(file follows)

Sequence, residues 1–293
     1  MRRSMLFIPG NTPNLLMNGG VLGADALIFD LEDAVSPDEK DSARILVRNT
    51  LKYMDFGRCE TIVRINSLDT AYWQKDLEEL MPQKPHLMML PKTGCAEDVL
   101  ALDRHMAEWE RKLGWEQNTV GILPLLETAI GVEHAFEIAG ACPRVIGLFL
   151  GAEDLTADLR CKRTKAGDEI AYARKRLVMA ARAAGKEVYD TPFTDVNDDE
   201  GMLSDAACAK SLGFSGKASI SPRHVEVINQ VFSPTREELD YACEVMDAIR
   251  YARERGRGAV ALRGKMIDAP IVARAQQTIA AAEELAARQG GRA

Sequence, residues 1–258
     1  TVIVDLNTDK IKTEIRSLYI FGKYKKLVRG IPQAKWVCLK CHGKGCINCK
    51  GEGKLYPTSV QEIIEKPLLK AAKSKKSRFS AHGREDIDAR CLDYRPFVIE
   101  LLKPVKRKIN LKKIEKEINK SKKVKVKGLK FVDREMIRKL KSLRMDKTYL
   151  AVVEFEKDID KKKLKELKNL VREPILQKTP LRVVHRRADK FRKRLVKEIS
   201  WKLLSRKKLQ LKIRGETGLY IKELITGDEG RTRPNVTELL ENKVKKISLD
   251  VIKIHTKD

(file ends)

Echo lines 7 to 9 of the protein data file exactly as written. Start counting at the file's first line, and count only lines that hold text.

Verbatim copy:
   251  YARERGRGAV ALRGKMIDAP IVARAQQTIA AAEELAARQG GRA

Sequence, residues 1–258
     1  TVIVDLNTDK IKTEIRSLYI FGKYKKLVRG IPQAKWVCLK CHGKGCINCK